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Hunters from Lanarkshire

map of Lanarkshire

On Jan 25, 2016

Lanarkshire had 3403 Hunters in 1881 making it the largest concentration out of the 33 Scottish counties.

Historically, Lanarkshire was the most populous county in Scotland. Up until 1402 it included Renfrewshire. It is to the west of Ayrshire.

a picture of Long Calderwood now
LONG CALDERWOOD (Home of the Hunters)

By Sir Arthur Porritt, K.C.M.G., C.B.E., F.R.C.S. President, Hunterian Society.

If one proceeds from Glasgow along that very pleasant road up Dychmont Hill (where on a good day views can be had not only of the City and the valley of the Clyde but also of the mountains of Arran, Ben Lomond and even the distant Edinburgh) at about the seventh mile post one arrives at East Kilbride in Lanarkshire. A mile from East Kilbride on the road to Blantyre lies a good stone house of two stories behind which is a fine spacious courtyard surrounded by farm buildings. This is the birthplace of the brothers William and John Hunter "Long Calderwood," still as it has been for generations the nucleus of a prosperous little farm.

The father of the famous brothers-also a John Hunter-farmed the property himself at the beginning of the 18th century and was laird of the nearby village. A gentleman farmer, he traced his ancestry back through centuries to the Hunterston family of West Kilbride in Ayrshire and it is of interest to note that in the arms of all the Hunters occur the three sporting dogs and three hunting horns which probably provide the answer to the family's original proclivities away back in the distant past of Norman times. In the early seventeen hundreds " Long Calderwood" was valued at " £180 per annum " and it was not surprising that the owner of such a valuable property should wed the daughter of the Treasurer of the City of Glasgow-a certain Miss Paul. They had ten children, but five of these died in infancy. Of the remaining five, three were boys and two girls. The eldest boy, James, born in 1715, became a lawyer; William, the seventh child, born in 1718, established himself as an anatomist in London, was responsible for bringing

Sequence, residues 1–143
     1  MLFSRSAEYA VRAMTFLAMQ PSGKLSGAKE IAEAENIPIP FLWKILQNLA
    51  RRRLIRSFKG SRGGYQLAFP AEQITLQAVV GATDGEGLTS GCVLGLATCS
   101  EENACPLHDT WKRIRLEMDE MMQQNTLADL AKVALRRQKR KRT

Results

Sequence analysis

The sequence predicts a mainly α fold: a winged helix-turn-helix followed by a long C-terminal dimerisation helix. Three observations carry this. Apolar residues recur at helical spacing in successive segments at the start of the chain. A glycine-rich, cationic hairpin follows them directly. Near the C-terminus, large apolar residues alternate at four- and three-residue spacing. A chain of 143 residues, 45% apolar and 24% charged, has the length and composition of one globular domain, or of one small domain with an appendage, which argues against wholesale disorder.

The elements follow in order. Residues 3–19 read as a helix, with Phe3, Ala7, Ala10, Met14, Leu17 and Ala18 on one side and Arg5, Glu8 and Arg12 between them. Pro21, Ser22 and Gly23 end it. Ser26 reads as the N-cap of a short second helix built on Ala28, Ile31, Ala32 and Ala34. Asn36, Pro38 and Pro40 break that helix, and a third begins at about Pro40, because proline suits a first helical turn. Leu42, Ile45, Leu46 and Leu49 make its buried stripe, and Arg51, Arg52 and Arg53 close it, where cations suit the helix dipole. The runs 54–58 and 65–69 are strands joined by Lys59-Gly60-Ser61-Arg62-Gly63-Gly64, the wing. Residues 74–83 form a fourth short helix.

his younger brother, John, to London and for his early scientific development and has his own niche of fame in the gallery of the medical giants of the past-this niche being now essentially centred in Glasgow's magnificent Hunterian Museum; and John, born when his father was about 70 years of age on February 13th, 1728 (according to the local parish Register), whose memory lives so actively in this Royal College of ours. Of the two sisters, the elder, Janet, married a certain Mr. Buchannana cabinet maker in Glasgow, and the younger, Dorothy, married the Rev. James Baillie, later Professor of Divinity at Glasgow University. The two children of this latter marriage are both historical names-the daughter referred to by Sir Walter Scott as " the immortal Joanna" and the son, Dr. Matthew Baillie, who later became Physician to the King.
composite showing three famous Hunters from Calderwood